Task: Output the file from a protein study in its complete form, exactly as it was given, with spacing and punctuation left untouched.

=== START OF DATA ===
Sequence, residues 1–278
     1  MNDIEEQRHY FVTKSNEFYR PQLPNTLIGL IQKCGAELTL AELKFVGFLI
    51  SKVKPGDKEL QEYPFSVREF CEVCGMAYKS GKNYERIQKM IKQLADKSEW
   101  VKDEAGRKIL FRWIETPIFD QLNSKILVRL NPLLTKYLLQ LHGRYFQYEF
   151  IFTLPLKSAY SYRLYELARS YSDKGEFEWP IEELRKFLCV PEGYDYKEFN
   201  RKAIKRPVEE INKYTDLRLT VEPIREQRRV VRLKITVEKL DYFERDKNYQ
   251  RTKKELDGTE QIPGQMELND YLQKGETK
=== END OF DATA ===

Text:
Sequence, residues 1–278
     1  MNDIEEQRHY FVTKSNEFYR PQLPNTLIGL IQKCGAELTL AELKFVGFLI
    51  SKVKPGDKEL QEYPFSVREF CEVCGMAYKS GKNYERIQKM IKQLADKSEW
   101  VKDEAGRKIL FRWIETPIFD QLNSKILVRL NPLLTKYLLQ LHGRYFQYEF
   151  IFTLPLKSAY SYRLYELARS YSDKGEFEWP IEELRKFLCV PEGYDYKEFN
   201  RKAIKRPVEE INKYTDLRLT VEPIREQRRV VRLKITVEKL DYFERDKNYQ
   251  RTKKELDGTE QIPGQMELND YLQKGETK